Posted on July 23, 2015
We are not Psychic Ninjas
When I sit down with a client and ask them how best I can help them today, the first thing that is on my mind is how best I can provide for them the space to be comfortable, not just on the table, but in communicating with me their desires, discomforts and anything else that might come up during the session. Then I promptly forget everything they say, put on my black gi, sneak through their ear into their mind and through my psycho-ninja superpowers I perform the best massage they have ever encountered.
And I have a bridge to sell you. However, the last sentence in the previous paragraph is a humorous example of a partial myth that I would like to comment on: Massage therapists have psychic powers.
As a massage therapist, I am trained to touch people. Whether it is deep, fast, light or slow, my job is to seek out the physical (and sometimes energetic) aspects of a person’s body and help change them in ways that the person cannot do themselves. By touching a person in a manner called palpation (the Wikipedia article was just too clinical for my tastes), I am learning about the quality, position, texture, shape and general feel of the tissue and making decisions as to how to work on it. This is a marvelous skill that I am very grateful to have been introduced to and is certainly a key element to my work.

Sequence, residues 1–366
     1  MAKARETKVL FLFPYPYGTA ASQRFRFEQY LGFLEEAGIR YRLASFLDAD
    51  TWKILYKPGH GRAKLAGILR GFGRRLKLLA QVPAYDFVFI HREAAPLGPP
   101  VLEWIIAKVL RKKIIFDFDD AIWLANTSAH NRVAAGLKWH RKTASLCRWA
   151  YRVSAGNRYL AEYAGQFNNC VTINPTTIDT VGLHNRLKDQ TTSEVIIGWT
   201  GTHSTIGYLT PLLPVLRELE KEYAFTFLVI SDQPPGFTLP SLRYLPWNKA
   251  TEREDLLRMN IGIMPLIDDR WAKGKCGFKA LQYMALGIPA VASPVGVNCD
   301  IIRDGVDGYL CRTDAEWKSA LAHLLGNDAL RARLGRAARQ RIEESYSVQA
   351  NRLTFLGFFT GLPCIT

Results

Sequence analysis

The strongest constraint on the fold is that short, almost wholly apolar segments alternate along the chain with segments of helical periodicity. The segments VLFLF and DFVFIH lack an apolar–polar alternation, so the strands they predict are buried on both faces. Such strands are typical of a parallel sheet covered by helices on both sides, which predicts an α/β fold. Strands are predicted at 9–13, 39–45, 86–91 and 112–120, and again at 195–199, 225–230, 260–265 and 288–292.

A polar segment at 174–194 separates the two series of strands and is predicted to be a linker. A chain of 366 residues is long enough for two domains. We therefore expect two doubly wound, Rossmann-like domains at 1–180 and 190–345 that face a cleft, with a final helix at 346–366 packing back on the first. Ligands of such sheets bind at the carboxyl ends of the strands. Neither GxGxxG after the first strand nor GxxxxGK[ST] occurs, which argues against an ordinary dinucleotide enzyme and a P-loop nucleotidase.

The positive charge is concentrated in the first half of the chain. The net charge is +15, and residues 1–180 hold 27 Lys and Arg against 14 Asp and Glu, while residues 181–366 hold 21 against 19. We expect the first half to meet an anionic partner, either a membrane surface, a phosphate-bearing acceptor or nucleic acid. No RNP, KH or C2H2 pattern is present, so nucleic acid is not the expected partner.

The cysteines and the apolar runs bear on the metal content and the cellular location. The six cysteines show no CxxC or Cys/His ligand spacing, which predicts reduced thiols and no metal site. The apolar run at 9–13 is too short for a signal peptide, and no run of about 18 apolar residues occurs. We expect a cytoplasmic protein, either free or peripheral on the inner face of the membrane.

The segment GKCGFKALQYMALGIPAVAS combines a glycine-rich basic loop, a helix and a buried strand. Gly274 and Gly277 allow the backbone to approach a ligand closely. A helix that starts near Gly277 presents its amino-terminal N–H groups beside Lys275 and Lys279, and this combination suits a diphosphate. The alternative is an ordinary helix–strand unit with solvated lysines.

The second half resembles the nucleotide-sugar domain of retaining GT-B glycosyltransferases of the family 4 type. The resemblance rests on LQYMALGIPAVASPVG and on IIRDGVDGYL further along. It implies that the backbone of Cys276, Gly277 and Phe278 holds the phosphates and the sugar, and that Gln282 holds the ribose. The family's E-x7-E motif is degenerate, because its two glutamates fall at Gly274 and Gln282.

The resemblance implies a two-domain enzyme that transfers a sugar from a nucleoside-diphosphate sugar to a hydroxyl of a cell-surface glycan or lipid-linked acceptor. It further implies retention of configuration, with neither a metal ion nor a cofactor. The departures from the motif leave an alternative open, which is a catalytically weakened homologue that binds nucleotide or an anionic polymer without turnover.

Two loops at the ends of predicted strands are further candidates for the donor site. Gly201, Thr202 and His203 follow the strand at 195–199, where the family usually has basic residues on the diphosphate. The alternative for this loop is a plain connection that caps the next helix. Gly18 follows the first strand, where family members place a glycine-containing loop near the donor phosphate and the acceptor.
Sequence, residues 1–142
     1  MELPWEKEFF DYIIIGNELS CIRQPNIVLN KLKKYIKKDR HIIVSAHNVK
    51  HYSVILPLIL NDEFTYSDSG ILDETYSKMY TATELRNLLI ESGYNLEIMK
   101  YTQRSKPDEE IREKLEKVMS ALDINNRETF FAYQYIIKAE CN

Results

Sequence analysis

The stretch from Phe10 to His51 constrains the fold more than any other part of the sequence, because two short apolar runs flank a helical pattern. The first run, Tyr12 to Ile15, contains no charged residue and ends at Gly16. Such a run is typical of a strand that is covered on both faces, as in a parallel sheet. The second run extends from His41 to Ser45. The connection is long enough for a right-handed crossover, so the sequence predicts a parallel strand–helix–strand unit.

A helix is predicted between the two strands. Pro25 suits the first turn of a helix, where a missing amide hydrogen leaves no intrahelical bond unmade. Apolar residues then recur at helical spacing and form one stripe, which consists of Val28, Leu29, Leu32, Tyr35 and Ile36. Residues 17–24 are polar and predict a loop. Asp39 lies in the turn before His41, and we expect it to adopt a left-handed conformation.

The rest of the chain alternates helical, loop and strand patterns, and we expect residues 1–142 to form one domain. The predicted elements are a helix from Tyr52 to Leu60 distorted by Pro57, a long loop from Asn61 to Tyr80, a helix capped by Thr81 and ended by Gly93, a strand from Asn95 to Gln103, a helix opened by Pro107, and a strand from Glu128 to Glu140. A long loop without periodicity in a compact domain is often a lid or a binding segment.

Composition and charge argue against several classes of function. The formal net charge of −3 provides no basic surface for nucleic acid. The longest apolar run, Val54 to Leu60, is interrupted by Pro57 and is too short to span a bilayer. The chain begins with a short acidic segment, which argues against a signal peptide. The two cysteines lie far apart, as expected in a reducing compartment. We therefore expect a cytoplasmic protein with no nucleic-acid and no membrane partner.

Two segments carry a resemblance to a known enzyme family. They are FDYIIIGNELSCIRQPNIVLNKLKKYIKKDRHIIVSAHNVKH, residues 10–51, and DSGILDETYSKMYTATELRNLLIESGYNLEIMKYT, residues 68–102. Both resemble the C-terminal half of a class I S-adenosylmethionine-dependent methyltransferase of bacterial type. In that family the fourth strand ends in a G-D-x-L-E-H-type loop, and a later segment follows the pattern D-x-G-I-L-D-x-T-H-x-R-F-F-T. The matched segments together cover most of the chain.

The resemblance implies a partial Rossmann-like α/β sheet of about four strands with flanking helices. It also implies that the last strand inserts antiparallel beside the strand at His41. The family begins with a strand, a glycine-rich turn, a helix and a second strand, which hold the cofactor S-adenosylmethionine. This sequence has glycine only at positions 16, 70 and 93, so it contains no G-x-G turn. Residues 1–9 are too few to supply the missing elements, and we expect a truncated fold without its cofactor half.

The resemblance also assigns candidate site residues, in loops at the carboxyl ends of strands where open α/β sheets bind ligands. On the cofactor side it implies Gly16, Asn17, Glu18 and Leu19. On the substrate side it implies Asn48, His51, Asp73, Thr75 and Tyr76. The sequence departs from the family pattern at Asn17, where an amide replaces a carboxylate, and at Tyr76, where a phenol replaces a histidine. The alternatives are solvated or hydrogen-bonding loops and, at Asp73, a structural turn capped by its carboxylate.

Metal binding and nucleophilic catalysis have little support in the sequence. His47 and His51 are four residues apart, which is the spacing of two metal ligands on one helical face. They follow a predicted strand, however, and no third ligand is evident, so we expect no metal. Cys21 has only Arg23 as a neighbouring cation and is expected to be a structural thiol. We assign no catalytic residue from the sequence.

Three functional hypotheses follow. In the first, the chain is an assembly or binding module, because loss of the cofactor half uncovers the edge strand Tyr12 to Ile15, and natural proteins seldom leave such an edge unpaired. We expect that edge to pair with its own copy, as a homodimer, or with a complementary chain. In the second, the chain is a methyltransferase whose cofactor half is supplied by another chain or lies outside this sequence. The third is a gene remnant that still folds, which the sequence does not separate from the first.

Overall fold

It does not make me psychic, unfortunately, and I still need more information. The best way this is achieved is by watching my client and listening to them. Clients, this is where it is most important for you to say something and mean it. Tell me what your goals are for the session, show me where you have been hurting or are stiff, promptly inform me when I am doing uncomfortable work.
When I ask you for feedback, it is because I want to know that I am making the experience comfortable and safe for you. If I am working at a pressure or depth that is not to your liking and you do not speak up, I am going to keep working in that manner because you have not said anything, not because I ‘know what is good for you’. If you suck in your breath and tense up, I need to know from you whether you mean ‘ouch’ or ‘hurts so good’.
Verbal feedback is important to the therapeutic process, especially with new clients. The reason I can work on repeat clients with less verbal feedback is that we have already established what their physical reactions mean. It is a learning process for both of us and I believe that, even for the lightest, most palliative sessions knowing that I am providing the experience you want to the best of my ability is one of the best ways to help me do my work. The session is all about you: help me make it happen.